London Underground Railways is adding the lines every year to cope with the increasing demand and the latest addition is to extend the Northern Line.
London Underground begun the extension of Northern Line to Battersea met another milestone as Tunnelling work started April 12th. At present first of two boring machines began its 3.2km tunnelling journey to lengthen the line between Kennington to Battersea.
The two TBMW machines, called Helen and Amy, were lowered 20 metres below ground in Battersea back in February. Firstly ,Helen has started her work moving underneath south London to create the first new tunnel that will extend the Charing Cross branch of the Northern Line from Kennington to Battersea Power Station via Nine Elms.
According to tunnelling tradition, the machines given a name and, following a vote by local school children, the machines are being named Helen. Amy in honour of the first British astronaut, Helen Sharman, and British aviation pioneer Amy Johnson, who was the first female pilot to fly solo from Britain to Australia.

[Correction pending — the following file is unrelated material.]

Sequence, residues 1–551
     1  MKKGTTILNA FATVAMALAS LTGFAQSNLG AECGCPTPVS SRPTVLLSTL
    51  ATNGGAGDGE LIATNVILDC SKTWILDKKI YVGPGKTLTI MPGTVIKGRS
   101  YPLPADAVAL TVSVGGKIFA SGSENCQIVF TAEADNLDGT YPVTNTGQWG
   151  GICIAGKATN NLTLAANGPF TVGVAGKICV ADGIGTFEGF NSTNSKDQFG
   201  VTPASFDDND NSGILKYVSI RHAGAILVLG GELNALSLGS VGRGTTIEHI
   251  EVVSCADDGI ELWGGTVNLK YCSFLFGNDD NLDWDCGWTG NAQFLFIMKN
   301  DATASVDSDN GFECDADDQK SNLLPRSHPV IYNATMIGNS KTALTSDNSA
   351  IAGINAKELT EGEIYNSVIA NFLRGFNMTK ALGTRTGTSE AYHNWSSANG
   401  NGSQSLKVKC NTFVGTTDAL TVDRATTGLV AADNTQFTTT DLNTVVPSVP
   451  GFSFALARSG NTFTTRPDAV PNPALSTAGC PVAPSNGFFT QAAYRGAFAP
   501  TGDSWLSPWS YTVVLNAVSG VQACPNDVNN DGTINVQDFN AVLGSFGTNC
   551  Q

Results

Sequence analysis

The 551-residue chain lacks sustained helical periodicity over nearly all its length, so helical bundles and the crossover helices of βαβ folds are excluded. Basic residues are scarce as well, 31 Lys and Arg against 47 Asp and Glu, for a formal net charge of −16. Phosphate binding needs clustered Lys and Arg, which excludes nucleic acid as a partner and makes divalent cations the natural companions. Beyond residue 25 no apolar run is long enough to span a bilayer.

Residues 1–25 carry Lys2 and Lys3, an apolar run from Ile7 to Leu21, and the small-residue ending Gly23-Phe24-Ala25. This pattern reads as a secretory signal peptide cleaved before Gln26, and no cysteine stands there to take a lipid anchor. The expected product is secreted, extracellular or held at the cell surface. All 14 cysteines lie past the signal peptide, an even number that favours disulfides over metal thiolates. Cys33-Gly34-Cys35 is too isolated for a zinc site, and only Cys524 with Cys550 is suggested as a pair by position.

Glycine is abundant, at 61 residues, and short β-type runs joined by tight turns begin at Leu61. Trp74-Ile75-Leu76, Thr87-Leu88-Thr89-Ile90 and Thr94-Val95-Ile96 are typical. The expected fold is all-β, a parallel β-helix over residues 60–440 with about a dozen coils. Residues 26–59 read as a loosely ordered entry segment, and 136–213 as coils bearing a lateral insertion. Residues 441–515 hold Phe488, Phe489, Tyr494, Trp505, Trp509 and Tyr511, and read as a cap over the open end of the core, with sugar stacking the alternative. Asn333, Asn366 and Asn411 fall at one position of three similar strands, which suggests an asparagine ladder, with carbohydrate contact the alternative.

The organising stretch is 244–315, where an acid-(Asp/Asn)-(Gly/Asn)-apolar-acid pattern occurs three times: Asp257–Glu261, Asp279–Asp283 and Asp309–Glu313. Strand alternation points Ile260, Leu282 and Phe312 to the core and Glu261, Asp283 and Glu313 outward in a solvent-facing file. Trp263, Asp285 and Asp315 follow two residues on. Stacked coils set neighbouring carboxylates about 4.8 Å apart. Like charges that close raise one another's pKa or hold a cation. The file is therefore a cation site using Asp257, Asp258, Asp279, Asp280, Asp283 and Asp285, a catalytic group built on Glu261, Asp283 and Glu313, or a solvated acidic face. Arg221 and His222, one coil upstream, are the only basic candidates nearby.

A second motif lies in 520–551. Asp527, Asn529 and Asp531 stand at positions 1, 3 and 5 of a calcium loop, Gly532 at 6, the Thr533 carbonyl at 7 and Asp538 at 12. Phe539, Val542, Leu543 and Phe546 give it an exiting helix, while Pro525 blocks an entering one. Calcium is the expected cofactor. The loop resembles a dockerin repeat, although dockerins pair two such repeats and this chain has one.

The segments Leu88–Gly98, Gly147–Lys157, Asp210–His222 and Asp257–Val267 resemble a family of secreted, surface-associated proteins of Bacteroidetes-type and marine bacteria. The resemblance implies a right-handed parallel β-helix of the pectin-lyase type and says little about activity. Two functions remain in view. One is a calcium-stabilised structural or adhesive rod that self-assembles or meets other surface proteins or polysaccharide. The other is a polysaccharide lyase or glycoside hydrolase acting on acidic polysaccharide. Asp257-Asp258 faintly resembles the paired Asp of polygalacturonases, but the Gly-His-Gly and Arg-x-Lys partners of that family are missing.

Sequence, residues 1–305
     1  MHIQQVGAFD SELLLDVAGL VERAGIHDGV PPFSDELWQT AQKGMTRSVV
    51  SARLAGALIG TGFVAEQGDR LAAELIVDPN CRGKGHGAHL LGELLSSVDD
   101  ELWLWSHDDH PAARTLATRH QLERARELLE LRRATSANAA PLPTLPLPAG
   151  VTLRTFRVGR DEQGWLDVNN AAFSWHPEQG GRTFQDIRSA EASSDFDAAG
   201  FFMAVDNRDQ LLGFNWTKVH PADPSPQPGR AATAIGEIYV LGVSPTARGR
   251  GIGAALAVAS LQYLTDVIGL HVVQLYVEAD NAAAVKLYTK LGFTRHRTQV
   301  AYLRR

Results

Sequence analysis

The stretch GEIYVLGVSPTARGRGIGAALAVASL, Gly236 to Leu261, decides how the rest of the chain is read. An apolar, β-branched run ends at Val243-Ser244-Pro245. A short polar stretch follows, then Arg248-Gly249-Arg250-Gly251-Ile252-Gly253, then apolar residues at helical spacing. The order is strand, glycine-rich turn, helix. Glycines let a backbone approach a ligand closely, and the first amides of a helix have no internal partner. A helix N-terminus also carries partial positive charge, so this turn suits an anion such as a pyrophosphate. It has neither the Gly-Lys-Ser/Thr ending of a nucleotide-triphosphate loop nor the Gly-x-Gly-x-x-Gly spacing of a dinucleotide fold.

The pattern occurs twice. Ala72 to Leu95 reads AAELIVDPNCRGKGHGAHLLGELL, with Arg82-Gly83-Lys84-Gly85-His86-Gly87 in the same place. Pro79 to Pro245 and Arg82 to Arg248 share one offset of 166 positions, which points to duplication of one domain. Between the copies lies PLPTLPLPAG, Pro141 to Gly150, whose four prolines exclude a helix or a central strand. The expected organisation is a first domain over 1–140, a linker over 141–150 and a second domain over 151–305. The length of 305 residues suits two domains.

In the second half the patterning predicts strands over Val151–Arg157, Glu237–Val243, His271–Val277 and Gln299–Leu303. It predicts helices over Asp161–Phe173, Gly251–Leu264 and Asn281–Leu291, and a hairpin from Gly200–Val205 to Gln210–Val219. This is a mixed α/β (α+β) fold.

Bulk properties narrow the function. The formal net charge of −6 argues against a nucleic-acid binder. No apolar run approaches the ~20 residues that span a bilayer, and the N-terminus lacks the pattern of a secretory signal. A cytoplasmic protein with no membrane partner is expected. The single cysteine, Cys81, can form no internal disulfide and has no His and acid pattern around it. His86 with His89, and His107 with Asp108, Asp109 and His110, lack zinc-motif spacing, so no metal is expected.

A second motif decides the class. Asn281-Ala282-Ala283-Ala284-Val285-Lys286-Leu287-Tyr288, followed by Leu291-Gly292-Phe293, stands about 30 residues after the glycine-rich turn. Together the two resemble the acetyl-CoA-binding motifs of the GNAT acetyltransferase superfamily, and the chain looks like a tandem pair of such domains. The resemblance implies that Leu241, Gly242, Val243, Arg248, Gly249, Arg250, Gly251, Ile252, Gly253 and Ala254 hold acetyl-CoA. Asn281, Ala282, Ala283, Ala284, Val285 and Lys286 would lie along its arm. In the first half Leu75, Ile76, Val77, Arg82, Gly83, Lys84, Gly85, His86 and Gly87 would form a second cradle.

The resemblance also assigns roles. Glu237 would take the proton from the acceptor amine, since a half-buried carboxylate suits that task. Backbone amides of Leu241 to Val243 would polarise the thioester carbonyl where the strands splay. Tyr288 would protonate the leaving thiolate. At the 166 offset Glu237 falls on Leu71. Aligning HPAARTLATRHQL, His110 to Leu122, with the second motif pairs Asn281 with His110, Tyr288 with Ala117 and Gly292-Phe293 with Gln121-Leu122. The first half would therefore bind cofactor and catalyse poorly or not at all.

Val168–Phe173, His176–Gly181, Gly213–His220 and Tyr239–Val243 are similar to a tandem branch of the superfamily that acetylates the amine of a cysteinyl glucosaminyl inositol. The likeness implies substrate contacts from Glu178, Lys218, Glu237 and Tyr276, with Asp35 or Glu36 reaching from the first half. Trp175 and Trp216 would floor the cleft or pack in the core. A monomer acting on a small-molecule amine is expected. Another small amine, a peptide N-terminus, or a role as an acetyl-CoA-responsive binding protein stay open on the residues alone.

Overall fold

The Northern Line Extension will enable the regeneration of the Vauxhall, Nine Elms and Battersea areas, spurring economic growth by supporting around 25,000 new jobs and more than 20,000 new homes.
Construction is also boosting the UK economy, supporting around 1,000 jobs, including around 50 apprenticeships. As well as two new tunnels, two new stations are being created: one at the heart of the Battersea Power Station redevelopment and another at Nine Elms to the east, serving new developments such as the US Embassy and the redevelopment of New Covent Garden Market, as well as existing communities.
Amy will start her work in a month’s time. The extension is predicted to be completed in 2020 and is the first major tube line extension since the Jubilee Line in the late 1990s.
As the two machines slowly bore underneath the capital, around 20,000 precast concrete segments will be put in place to form rings to line and support the tunnels. Then, a conveyor system will take spoil from the worksite to barges on the River Thames. The spoil will then be transported to Goshems Farm in East Tilbury, Essex, where it will be used for agricultural purposes.
Around 300,000 tonnes of earth will be excavated by Helen and Amy, who are capable of moving up to 30 metres a day, being operated by around 50 workers.
Work is in progress to extend the Northern line to Nine Elms and Battersea